Despite the fact that I bought my telescope five years ago, I consider myself relatively new to astronomy. Mainly because of the myriad of alignment challenges that I’ve had over the last five years, I feel like I’m starting fresh, albeit with more knowledge than most enter the hobby. I’ve done some basic starhopping, attended numerous RASC meetings, gone to star parties, done some outreach. You know, got my feet wet.
As a RASC member, I also get the annual RASC Observers Handbook. Yet for the last five years, it’s been hit or miss with me whether it was useful. In 2015, I dove deep, and did a review (A newbie’s guide to the RASC Observer’s Handbook 2015) based on being a complete noob and how I found the contents. 2016 was okay, flipped through. In 2017, I didn’t even open the plastic wrap around it until a few weeks back when I got the alignment issues solved. » Read the rest
I’m relatively new to astronomy, have been involved for just over 18 months, and am still pretty limited in my knowledge. One of my learning resources is being a member of the Royal Astronomical Society of Canada (RASC), Ottawa Chapter, and by being a member, I get the annual Observer’s Handbook.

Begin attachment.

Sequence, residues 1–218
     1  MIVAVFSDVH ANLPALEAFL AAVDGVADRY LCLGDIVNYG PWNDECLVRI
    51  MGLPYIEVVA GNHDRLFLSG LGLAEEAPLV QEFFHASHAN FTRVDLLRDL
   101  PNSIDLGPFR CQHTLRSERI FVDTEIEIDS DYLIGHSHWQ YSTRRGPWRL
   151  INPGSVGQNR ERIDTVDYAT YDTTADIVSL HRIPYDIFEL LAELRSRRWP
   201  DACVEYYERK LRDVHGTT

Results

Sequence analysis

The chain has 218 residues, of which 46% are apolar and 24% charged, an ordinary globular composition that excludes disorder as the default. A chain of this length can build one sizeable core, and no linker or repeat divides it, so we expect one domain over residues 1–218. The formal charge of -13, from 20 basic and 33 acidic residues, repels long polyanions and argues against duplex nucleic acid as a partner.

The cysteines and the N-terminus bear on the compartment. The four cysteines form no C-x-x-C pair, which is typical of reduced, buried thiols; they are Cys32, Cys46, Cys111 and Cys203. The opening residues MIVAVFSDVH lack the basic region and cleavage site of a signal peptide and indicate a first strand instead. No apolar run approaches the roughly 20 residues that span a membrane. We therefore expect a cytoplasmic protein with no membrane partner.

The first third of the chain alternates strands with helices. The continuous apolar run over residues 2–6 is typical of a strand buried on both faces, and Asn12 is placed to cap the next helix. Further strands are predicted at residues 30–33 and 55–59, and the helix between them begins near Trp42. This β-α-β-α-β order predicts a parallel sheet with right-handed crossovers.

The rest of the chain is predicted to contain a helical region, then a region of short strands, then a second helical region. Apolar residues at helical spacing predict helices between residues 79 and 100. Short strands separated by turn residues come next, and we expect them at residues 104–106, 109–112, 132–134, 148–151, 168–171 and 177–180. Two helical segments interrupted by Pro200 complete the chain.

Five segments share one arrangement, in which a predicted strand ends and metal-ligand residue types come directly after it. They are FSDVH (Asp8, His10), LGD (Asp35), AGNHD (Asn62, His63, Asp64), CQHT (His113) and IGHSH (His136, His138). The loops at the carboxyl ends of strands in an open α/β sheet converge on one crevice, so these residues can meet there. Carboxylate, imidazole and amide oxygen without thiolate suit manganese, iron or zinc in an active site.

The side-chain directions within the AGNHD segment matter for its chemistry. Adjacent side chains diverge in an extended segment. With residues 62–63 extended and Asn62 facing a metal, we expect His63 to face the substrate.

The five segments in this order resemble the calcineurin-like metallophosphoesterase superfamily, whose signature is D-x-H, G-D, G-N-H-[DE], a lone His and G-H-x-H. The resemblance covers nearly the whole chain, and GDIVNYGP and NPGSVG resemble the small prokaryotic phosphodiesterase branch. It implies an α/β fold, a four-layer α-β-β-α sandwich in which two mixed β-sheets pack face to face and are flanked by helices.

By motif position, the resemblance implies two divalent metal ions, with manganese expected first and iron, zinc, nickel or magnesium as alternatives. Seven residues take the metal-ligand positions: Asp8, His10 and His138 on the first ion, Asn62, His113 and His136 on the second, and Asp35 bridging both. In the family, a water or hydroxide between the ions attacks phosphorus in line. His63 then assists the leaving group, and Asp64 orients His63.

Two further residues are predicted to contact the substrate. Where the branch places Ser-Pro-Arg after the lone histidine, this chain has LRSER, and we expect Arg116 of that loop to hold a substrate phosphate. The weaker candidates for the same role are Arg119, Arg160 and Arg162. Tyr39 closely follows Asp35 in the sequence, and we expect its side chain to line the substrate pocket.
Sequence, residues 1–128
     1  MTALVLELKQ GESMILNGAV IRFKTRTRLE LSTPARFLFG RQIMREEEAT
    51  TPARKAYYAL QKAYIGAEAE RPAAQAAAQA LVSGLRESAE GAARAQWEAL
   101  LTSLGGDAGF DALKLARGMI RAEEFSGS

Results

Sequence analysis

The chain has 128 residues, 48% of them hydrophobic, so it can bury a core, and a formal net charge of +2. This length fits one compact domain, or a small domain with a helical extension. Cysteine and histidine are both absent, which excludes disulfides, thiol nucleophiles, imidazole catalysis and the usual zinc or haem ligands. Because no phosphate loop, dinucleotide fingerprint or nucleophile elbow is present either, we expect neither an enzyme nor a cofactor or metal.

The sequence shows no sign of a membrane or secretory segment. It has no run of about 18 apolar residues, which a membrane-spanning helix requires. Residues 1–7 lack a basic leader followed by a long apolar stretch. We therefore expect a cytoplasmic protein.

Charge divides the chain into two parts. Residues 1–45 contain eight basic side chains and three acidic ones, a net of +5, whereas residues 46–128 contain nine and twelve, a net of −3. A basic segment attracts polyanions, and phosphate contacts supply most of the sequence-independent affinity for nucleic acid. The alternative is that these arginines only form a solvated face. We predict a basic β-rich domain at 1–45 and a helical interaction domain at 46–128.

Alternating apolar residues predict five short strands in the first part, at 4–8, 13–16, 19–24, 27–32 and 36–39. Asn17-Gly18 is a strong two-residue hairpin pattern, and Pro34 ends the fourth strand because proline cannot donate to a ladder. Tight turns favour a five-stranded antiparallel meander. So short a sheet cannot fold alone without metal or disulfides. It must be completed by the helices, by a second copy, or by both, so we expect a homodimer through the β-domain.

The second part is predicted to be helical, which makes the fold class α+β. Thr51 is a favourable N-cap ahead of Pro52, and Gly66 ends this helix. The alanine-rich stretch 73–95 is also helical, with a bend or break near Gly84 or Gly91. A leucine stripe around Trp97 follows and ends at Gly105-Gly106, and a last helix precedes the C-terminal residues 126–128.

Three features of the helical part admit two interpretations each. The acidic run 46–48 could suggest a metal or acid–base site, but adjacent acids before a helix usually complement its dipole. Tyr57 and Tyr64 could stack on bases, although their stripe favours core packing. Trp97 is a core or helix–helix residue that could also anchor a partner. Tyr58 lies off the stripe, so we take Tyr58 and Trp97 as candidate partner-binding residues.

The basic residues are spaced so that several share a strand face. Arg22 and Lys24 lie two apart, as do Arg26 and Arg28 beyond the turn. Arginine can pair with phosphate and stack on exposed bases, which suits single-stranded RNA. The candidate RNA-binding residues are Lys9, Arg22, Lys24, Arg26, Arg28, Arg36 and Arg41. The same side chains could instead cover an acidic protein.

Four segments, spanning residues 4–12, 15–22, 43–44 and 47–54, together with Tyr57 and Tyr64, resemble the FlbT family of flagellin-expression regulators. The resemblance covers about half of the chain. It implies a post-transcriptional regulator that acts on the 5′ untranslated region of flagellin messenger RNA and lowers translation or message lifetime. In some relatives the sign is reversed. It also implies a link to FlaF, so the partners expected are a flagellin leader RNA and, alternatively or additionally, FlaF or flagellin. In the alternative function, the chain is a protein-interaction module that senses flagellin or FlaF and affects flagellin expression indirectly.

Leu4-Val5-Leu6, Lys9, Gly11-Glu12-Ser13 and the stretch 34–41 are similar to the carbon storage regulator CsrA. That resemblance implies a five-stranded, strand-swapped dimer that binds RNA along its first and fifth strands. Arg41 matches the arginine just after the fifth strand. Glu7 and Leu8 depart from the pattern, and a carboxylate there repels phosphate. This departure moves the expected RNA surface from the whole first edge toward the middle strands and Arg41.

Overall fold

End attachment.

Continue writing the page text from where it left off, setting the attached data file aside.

The Handbook is a great resource. But I confess that as a newbie, it can be quite daunting. For example, page 23 of the 2015 handbook has a table entitled, “Heliocentric Osculating Orbital Elements for 2015: Referred to the Mean Ecliptic and Equinox of J2000.0”. Umm, sure. I’ll get right on reading that immediately. As soon as I finish grouting the tub at a friend’s house. And this is listed in a section called “Basic data”.
If you know what that table is about, congratulations! However, this means that this blog entry is not for you. It’s for the people who have the handbook and want to be able to use it without an advanced degree in astrophysics or spending 3 hours with a dictionary and going down internet wormholes looking things up on websites. » Read the rest